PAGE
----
Labour manifesto: Extra £48.6bn in tax revenue to fund pledges

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Labour has unveiled pledges costing £48.6bn – to be funded from extra tax revenue – in its election manifesto.

Leader Jeremy Corbyn said the manifesto – including billions for schools and the NHS and an expansion of free childcare – was a “programme of hope”.

Income tax would increase to 45p for people earning over £80,000, and 50p for those on more than £123,000.

It also includes the nationalisation of England’s 10 water companies and scrapping university tuition fees.

Labour said all the pledges were costed, with other fundraising measures including corporation tax rises, a crackdown on tax avoidance and an “excessive pay levy” on salaries above £330,000.

The Tories said the sums “don’t add up”.

“Whatever your age or situation, people are under pressure, struggling to make ends meet,” Mr Corbyn said as he launched the proposals in Bradford.

“Our manifesto is for you.”

Labour is the first of the major parties to publish its manifesto ahead of the general election on 8 June.

Mr Corbyn joked about last week’s leak of a draft of the proposals and then said Labour would not increase VAT or National Insurance, with income tax rises reserved for the “richest 5% of high earners”.

The manifesto also includes:

  • Taking Britain’s railways back into public ownership
  • Moving towards a publicly owned energy system
  • The “reasonable management” of immigration and no “bogus targets”
  • Building 100,000 affordable homes a year
  • Supporting the renewal of the Trident nuclear weapons system
  • Offering an immediate guarantee about the status of EU nationals in the UK
  • Refusing to leave the EU with no deal in place
  • A review into reforming council tax and business rates, in favour of options such as a land value tax.

Mr Corbyn said he was confident that once voters could “study the issues” they would conclude: “That the few have prevailed over the many for too long.

“And that they will decide it is now time for Labour.”

Paul Johnson, of the Institute for Fiscal Studies, said it was “genuinely uncertain” whether increases to income tax would raise the £6.4bn Labour has earmarked, adding that they represented a “big increase” for high earners.


Analysis: They’re not ‘all the same’

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BBC political editor Laura Kuenssberg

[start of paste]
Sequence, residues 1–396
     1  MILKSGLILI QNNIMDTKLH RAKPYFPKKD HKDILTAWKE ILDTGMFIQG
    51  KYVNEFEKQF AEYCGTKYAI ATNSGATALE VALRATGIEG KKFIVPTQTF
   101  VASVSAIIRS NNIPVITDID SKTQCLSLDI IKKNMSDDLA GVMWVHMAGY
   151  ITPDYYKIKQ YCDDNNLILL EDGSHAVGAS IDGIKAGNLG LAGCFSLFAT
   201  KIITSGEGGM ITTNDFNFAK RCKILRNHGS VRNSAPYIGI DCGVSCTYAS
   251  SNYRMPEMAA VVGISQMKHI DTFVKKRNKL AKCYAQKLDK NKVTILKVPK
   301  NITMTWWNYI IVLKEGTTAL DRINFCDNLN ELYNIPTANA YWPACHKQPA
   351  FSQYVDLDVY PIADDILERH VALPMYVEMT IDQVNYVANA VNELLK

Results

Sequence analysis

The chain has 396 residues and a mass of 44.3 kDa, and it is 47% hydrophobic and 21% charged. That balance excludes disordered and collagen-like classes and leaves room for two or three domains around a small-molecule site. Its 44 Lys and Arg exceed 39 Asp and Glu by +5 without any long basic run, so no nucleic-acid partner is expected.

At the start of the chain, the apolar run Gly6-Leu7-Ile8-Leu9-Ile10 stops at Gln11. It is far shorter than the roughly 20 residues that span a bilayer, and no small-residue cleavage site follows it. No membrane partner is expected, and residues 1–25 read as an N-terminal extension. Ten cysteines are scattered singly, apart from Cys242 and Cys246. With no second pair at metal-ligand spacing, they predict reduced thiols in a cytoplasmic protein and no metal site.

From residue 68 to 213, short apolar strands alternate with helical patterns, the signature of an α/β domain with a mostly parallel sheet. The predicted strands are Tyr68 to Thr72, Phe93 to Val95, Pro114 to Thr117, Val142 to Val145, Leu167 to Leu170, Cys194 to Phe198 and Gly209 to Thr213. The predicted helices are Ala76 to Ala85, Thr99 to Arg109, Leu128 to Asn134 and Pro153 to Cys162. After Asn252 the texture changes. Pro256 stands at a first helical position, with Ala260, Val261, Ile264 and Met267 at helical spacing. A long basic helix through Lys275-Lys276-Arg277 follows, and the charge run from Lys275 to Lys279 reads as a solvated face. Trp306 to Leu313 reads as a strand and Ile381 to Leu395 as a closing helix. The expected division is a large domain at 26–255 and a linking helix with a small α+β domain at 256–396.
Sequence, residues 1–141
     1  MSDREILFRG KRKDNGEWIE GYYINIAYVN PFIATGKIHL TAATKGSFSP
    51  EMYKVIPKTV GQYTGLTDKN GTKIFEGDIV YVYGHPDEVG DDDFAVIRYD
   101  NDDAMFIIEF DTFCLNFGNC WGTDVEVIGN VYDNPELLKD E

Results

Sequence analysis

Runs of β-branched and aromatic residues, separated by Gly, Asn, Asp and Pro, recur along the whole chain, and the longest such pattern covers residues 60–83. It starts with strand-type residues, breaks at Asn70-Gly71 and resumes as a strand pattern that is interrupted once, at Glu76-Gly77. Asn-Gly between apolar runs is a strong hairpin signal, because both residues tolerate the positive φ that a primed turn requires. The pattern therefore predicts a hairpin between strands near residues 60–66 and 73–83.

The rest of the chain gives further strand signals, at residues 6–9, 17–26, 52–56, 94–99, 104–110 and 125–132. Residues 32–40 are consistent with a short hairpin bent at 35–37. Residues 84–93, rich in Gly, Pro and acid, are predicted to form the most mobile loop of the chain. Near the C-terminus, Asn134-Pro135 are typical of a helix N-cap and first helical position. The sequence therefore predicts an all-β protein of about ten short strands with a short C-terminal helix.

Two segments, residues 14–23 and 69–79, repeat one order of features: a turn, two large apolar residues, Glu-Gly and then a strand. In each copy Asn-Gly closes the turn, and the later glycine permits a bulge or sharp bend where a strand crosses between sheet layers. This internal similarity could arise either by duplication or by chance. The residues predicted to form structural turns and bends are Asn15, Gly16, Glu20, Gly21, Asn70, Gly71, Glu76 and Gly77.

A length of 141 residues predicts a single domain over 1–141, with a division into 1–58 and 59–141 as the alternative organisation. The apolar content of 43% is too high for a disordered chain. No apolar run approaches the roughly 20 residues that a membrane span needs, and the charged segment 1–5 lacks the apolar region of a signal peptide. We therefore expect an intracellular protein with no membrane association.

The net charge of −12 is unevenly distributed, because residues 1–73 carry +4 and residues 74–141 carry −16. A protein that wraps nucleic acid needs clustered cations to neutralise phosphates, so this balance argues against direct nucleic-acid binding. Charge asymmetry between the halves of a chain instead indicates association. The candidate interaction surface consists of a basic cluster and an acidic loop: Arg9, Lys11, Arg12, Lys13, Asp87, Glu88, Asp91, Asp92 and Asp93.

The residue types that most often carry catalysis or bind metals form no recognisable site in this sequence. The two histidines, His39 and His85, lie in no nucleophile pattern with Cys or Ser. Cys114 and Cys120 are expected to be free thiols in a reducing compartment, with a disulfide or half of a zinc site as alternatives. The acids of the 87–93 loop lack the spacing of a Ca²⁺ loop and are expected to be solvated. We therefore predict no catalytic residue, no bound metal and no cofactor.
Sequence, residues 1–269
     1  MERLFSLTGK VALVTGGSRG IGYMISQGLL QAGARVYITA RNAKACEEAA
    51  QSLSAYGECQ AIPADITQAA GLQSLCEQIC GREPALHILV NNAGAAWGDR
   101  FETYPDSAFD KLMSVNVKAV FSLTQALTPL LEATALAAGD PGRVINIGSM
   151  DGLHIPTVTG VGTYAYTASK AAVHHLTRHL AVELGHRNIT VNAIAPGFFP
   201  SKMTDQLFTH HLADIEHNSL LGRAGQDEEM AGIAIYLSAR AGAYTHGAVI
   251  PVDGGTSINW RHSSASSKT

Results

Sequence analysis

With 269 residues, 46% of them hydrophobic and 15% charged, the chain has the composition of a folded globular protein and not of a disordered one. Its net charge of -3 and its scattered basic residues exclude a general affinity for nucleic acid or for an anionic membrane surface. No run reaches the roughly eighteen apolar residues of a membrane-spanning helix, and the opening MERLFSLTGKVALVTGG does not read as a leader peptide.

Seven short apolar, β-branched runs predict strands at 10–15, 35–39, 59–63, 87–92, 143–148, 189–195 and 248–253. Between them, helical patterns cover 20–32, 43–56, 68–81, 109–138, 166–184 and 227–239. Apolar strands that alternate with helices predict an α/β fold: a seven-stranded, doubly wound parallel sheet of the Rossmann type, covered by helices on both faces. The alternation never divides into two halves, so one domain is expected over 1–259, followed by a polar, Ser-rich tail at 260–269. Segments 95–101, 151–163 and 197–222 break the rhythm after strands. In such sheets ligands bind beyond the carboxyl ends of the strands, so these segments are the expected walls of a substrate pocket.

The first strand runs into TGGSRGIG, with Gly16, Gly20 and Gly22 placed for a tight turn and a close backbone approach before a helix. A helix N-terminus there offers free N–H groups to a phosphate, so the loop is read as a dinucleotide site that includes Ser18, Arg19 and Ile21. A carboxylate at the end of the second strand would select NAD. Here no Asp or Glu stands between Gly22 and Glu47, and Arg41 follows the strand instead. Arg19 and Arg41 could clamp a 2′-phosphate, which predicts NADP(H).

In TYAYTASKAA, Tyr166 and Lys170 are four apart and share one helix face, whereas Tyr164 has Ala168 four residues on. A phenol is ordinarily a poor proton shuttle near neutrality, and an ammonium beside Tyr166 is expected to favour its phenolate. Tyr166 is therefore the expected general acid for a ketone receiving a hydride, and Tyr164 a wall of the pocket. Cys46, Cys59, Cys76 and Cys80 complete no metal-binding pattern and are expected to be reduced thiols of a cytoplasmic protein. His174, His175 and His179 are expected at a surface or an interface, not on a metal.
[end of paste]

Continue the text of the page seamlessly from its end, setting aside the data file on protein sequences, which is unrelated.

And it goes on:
I’ve said it before and I’ll say it again.

This is not an election where voters can say, with justification, “they are all the same”.

The just-launched Labour manifesto shows, in black and white, why that is simply not the case.

The party is including £48.6bn of extra tax rises, and the same in extra spending commitments.

In the coming hours, the details will be pored over at length; they matter enormously.

But the big picture is clear.

Jeremy Corbyn is taking the Labour Party in this election to a very different place – away from the recent consensus that the UK should be moving to lower borrowing, and lower taxation.

The manifesto spells out a vision, for good or for ill, of more spending, more tax, and more borrowing.

And in a big way.


Labour said it would return the railways to public ownership as franchises expire, or in some cases using franchise reviews or break clauses.

The manifesto did not set out how its plans to nationalise the national grid and the water industry would be funded.

Shadow cabinet member Sarah Champion told the BBC the water proposal was “an intent” and that Labour would “need to look at the legislation”.

The shadow secretary of state for women and equalities said: “To be quite honest, we’ve had three weeks, so this is an intent. So what we need to do is look at the legislation and see exactly what it is that we would pay to shareholders.”

Labour has already made a series of tax pledges, including increasing corporation tax from 19% to 26% and a “Robin Hood” tax on financial transactions, to fund multi-billion pound spending commitments on health, education and policing.

The manifesto also includes a pay levy designed to discourage companies from paying “excessive” salaries.

Companies paying staff more than £330,000 will pay a 2.5% surcharge while salaries above £500,000 will be charged at 5%. Labour has said the move, designed to reduce pay inequality by bearing down on “very high pay”, will only apply to firms with “high numbers of staff”.

Treasury Chief Secretary David Gauke dismissed the Labour manifesto as “nonsensical”, claiming much of it was comprised of “non-funded spending proposals.”

He said the tax rises Labour had promised were “very, very unlikely to be delivered” and would “damage investment and drive away wealth creators and make the UK a much less attractive place to put jobs and investment.”

“It will make the UK a weaker economy,” he said.

SNP deputy leader Angus Robertson claimed the manifesto was full of “headline-chasing policy announcements” – adding that many of the pledges were already being delivered in Scotland by the SNP administration.

Liberal Democrat former cabinet minister Alistair Carmichael condemned Labour’s approach to Brexit, accusing it of “failing to stand up for our membership of the single market and refusing to give you the final say over the Brexit deal.”


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